In the book How the Brahmins Won there is chapter how this word is actually referring in suttas in whole list of all those that are considered actually in sramanas tradition. So Buddha for example always talked about that there good Jains in a city and thinking something like that one should not try to do something that expose yourself infront them. So sramanas movement was more respected.
Let me quote the chapter. I don’t know if I would do it correctly still learning
Santi, bhikkhave, eke samaṇabrāhmaṇā evaṃ-vādino evaṃ-diṭṭhino: yaṃ kiñcāyaṃ purisapuggalo paṭisaṃvedeti, sukhaṃ vā dukkhaṃ vā adukkhamasukhaṃ vā, sab- ban taṃ pubbekatahetu; iti purāṇānaṃ kammānaṃ tapasā vyantībhāvā, navānaṃ kammānaṃ akaraṇā āyatiṃ anavassavo, āyatiṃ anavassavā kammakkhayo, kammakkhayā dukkhakkhayo, dukkhakkhayā vedanākkhayo, vedanākkhayā sabbaṃ dukkhaṃ nijjiṇṇaṃ bhavissatī’ti. Evaṃvādino, bhikkhave, Nigaṇṭhā.
Bhikkhus, there are some Śramaṇas and Brahmins (samaṇabrāhmaṇā) who hold such a doctrine and view as this: “Whatever this person feels, whether plea- sure or pain or neither-pain-nor-pleasure, all that is caused by what was done in the past. So by annihilating with asceticism past actions and by doing no fresh actions, there will be no consequence in the future. With no consequence in the future, there is the destruction of action. With the destruction of action, there is the destruction of suffering. With the destruction of suffering, there is the destruction of feeling. With the destruction of feeling, all suffering will be exhausted.” So speak the Nigaṇṭhas, bhikkhus.
The ‘Śramaṇas and Brahmins’ referred to in this passage are, as is clear from the pas- sage itself, Jainas.
Another interesting passage is the question addressed by the wanderer (paribbājaka) Subhadda to the dying Buddha, which has the following shape
ye ’me bho Gotama samaṇabrāhmaṇā saṃghino gaṇino gaṇācariyā ñātā yas- assino titthakarā sādhusammatā ca bahujanassa, seyyathīdaṃ Pūraṇo Kassapo, Makkhali Gosālo, Ajita-Kesakambalī, Pakudho Kaccāyano, Sañjayo Belaṭṭha-putto, Nigaṇṭho Nāthaputto, sabbe te sakāya paṭiññāya abbhaññaṃsu, sabbe ‘va na abbhaññaṃsu, ekacce abbhaññaṃsu ekacce na abbhaññaṃsūti?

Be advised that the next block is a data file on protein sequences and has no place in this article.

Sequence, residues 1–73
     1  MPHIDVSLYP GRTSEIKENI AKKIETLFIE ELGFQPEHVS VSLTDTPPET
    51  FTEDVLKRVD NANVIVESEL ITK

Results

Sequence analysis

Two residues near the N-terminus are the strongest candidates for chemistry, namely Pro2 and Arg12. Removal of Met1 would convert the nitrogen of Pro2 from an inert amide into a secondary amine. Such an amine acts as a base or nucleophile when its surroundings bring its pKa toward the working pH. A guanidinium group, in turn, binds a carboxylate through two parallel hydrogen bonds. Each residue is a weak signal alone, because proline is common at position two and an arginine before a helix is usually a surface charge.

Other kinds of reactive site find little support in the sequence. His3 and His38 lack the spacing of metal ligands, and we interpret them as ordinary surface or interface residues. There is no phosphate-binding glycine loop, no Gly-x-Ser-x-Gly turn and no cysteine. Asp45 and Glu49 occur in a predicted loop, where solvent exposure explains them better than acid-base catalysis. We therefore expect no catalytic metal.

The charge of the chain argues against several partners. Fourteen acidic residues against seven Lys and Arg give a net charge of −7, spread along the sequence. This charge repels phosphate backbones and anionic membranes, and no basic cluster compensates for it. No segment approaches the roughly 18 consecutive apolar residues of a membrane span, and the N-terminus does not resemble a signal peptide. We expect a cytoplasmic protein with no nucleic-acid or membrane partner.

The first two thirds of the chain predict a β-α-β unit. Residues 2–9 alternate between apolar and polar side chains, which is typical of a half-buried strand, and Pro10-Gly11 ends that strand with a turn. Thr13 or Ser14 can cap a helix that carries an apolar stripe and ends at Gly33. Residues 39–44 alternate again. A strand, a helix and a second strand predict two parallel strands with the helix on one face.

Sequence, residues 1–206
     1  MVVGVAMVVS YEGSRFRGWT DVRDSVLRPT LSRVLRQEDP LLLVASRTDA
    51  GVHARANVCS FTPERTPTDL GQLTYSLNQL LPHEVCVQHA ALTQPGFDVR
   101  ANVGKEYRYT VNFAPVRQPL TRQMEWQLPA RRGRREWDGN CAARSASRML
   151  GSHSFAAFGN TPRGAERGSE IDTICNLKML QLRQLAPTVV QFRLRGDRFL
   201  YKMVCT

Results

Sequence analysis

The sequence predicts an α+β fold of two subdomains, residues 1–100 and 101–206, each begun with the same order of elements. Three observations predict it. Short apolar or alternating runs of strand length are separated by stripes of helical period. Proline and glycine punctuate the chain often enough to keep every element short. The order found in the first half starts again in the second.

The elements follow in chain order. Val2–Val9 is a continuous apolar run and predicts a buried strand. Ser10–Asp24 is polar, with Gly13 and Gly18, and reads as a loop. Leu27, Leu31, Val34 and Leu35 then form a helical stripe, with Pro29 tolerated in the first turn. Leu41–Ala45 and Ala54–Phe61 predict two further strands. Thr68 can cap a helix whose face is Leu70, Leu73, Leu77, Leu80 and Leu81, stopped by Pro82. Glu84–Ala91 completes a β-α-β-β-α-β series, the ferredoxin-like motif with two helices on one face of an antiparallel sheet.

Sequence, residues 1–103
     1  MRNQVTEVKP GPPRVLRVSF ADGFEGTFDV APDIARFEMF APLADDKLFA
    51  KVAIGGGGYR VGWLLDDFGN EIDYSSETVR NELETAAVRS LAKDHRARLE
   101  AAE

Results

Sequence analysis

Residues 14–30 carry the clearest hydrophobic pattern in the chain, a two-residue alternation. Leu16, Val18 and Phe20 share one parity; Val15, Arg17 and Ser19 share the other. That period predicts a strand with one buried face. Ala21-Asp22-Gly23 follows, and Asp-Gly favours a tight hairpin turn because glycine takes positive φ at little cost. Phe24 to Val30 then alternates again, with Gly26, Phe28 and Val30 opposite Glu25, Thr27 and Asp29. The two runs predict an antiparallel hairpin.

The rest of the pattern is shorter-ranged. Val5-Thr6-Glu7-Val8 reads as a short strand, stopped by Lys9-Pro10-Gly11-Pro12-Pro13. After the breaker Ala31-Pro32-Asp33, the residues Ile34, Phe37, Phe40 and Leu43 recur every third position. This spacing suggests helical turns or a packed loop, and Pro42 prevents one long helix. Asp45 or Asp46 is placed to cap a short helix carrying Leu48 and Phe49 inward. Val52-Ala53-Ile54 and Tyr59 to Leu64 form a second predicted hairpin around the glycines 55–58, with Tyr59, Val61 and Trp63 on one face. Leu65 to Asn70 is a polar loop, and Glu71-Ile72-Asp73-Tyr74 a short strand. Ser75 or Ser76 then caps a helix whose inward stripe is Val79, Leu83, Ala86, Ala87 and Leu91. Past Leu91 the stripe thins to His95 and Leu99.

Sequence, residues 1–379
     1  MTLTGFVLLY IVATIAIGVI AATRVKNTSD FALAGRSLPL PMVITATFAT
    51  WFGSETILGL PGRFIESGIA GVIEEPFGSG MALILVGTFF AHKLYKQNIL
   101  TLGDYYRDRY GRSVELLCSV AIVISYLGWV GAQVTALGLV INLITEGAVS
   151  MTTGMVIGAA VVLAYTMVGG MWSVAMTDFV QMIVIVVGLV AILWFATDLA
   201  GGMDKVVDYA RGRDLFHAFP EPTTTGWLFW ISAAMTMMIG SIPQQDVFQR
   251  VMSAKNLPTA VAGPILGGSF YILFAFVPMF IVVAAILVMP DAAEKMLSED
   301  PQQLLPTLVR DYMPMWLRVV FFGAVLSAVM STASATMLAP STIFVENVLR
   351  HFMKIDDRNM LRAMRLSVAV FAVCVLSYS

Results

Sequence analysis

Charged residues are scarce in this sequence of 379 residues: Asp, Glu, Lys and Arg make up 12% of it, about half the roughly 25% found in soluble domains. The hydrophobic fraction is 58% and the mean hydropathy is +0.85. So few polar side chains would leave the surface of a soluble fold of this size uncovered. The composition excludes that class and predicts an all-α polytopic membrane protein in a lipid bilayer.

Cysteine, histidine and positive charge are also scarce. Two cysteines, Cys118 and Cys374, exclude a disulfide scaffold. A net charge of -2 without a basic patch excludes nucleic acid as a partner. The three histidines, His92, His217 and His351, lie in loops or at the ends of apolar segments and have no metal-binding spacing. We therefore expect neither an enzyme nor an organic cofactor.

Venerable Gotama, all those Śramaṇas and Brahmins (samaṇabrāhmaṇā) who have orders and followings, who are teachers, well-known and famous as found- ers of schools, and popularly regarded as saints, like Pūraṇa Kassapa, Makkhali Gosāla, Ajita Kesakambalī, Pakudha Kaccāyana, Sañjaya Belaṭṭhaputta and the Nigaṇṭha Nāthaputta—have they all realised the truth as they all make out, or have none of them realised it, or have some realised it and some not?
The names enumerated are those of the six heretics frequently mentioned in the Pāli canon, and prominently in the Sāmaññaphala Sutta of the Dīgha Nikāya (DN I p. 47 ff.).7 Sāmañña means Śramaṇaship, so that it is clear that the teachers figuring in it are Śramaṇas. In other words, there are once again no Brahmins among the “Śramaṇas and Brahmins” of this passage. Why then are they called ‘Śramaṇas and Brahmins’? Clearly this expression globally refers to wanderers, without any guarantee that there are Brahmins among them.
This interesting. In sutta like that We should just translate as Sramanas. Or Wanderers. I wonder if in Brahmajala sutta also. I remember it saying Ascetics and Brahmins. I think this translation makes the whole Digha feel as if something against Brahmins. But with correct translation it might not. And Hinduism will appreciate maybe the change. Because if clarify that might mean sramanas movement. Then which one? There was only a few. But using And Brahmins seems to focus on the majority.